Scot Wood was just 10 years old when he had the opportunity to fly with his father in a friend’s ultralight plane. He was immediately hooked on airplanes and flying.

By the time he was a freshman in high school, in Christmas 1994, he had begun building his own plane, with the help of his father, Tom. But, as Scot put it, “Life got in the way,” and the craft wasn’t ready for its maiden flight until Jan. 1, 2015.

As Scot tells the story of his 20-year love affair with all things flight related, and the decades of father-son building and sharing experience, it all began with his own father’s own passion.

In 1968, when Tom Wood was in the U.S. Air Force stationed at Keesler Air Force Base, he learned to fly in a 1946 Taylorcraft. Finding that his son shared his interest in planes, he bought an identical 1946 Taylorcraft BC-12D in 1990. Together they took it apart, rebuilt it and in 1991 “we had the airplane back flying,” Scot said.

Over the next four years, Scot learned to fly the Taylorcraft and other airplanes, including some built for aerobatics.

“I knew that I wanted to one day have an airplane that I could do that kind of stuff in [but] I doubted that I would ever be able to afford one,” he said.

(Photo courtesy of Scot Wood) It took Scot Wood 20 years to complete, but a kit plane that he built alongside his father took its maiden flight in 2015.

(Photo courtesy of Scot Wood) It took Scot Wood 20 years to complete, but a kit plane that he built alongside his father took its maiden flight in 2015.


So why not build one?  

“I knew I had a world of experience in my dad,” he said.

When he was in 9th grade, Scot said, “my parents bought me a ‘raw materials’ kit, which consisted of a bundle of chromoly steel tubing and several pieces of wood.”

Scot began building ribs for the wings before moving on to the “spars,” which support the length of the wing structure.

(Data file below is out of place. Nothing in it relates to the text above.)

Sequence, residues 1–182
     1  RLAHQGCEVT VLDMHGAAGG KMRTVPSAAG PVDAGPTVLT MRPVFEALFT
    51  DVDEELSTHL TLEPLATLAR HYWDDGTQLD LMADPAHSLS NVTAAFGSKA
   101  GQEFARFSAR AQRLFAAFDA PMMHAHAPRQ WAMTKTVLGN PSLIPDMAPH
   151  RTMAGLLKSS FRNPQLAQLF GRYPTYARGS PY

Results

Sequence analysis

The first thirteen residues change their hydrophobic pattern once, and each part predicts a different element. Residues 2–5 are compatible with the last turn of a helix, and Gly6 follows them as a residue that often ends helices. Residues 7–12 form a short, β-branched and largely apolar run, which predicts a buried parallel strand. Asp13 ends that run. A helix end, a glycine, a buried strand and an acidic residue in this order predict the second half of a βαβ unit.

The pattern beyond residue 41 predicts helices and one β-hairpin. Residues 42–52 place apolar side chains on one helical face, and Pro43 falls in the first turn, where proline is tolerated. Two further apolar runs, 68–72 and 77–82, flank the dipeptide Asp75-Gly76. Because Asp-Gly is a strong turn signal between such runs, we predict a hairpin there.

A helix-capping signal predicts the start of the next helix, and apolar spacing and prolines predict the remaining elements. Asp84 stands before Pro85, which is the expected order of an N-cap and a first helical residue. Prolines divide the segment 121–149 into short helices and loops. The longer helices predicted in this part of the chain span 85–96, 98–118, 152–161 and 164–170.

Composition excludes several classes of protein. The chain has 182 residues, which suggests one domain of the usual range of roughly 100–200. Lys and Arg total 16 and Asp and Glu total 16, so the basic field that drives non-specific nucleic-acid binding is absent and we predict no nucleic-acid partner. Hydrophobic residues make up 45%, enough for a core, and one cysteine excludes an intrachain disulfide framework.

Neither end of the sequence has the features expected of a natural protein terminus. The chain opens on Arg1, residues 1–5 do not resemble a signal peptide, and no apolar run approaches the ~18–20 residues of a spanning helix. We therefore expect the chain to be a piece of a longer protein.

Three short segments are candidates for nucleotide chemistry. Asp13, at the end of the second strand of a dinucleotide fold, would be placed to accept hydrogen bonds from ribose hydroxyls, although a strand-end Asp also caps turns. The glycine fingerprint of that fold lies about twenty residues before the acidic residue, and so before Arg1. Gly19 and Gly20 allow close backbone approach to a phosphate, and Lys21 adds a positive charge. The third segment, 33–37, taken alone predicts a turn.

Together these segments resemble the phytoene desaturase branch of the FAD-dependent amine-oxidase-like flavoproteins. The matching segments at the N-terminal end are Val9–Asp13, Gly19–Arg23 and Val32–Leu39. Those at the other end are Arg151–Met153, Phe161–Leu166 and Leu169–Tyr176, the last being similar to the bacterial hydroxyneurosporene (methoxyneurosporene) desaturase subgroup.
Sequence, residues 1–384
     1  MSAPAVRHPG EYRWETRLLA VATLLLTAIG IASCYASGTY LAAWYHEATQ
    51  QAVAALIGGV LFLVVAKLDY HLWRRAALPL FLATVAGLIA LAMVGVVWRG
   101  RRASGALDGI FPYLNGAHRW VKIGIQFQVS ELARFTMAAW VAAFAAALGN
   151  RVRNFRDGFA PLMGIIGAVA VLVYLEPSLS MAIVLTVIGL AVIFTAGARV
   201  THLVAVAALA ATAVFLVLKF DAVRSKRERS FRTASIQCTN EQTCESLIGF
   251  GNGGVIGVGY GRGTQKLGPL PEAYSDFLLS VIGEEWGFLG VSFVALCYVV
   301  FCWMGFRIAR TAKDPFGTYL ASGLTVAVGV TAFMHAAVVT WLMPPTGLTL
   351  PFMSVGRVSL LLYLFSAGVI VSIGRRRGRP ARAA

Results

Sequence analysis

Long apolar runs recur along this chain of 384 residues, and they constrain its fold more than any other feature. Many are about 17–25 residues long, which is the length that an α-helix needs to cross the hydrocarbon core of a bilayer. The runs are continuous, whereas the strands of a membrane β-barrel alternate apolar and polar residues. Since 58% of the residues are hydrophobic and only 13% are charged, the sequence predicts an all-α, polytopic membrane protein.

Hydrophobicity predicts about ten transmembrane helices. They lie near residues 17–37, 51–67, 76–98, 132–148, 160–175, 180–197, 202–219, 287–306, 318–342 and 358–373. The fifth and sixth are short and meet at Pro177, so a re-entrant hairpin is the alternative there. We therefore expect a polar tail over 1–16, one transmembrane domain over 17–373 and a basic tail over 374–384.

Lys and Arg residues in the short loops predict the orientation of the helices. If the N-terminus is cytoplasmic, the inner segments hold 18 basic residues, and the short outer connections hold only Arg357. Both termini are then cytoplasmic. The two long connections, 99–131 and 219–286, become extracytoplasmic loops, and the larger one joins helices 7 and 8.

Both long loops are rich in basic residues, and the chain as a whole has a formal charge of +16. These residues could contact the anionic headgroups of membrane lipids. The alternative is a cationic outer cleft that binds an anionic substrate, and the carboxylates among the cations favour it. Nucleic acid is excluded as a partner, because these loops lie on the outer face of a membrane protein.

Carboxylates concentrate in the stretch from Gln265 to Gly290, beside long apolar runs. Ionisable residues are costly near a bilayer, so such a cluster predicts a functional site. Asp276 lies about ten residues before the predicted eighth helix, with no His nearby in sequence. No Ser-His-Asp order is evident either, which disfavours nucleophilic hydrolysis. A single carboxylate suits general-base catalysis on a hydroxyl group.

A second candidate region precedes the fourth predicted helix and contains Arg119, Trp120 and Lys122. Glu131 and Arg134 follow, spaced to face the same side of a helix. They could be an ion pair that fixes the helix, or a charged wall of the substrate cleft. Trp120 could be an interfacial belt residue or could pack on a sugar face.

“Once the basic wing structures were completed, dad and I worked on the fuselage together,” he said.

The fuselage is built from pieces of the chromoly steel tubing cut to specific lengths and welded together.

“Dad and I took turns making the pieces and welding them.”  

This process took much of the 20-year timeframe because, as Scot reiterated, “life happened.”  

He went to Alba High School, where he was a member of the Scott Hi-Q Team, the Math Team, Ambassadors and the National Honor Society. He took AP courses and was salutatorian of his graduating class. He continued to fly in his spare time.  

“Flying was more fun than working on the [building] project,” he admitted. “The project would go for months on end without being touched,” he said.

He went away to college, first to Mississippi State and then to the University of South Alabama. He came home and married his high school sweetheart, Daphne, and became the father of two children. He went to work for a tech company he now owns.

But he didn’t give up flying and never gave up his dream of building his own plane. His father, he said, never pressured him to finish the plane they started.

“He never encouraged nor discouraged me,” Scot said.

By the time he was 16, in 1995, he could fly “a vast array of aircraft,” he said; he had more than 200 hours of logged flight time, and soloed that year. He earned his pilot’s license at 17. It was time to complete the plane, get it out of the hangar, off the ground and into the air.

The maiden flight rang in the New Year in 2015.

Scot posted the results and photos of his experience at www.biplaneforum.com/showthread.php?t=11177.

“The airplane,” he wrote, “is almost entirely built from the plans, with a couple of modifications. He noted the spring aluminum gear and a two-place canopy.

“During the test flight, the airplane flew perfectly. Hands off, straight and level,” he continued in the forum. “We could not have gotten the rigging any better. At 2,400 RPM, we cruised at 140 MPH. At 2,700 RPM, we cruised at 150 MPH. We were extremely pleased,” he said.

The 20 years of working together nights, holidays, weekends and summer breaks was a sort of bonding experience for Scot Wood and his father. As for his own boys, Lucas, 6, and Bryant, 4, Scot said, “At some point in the future, when they are older, I would absolutely love to build an airplane with them. It offers so many teaching moments.”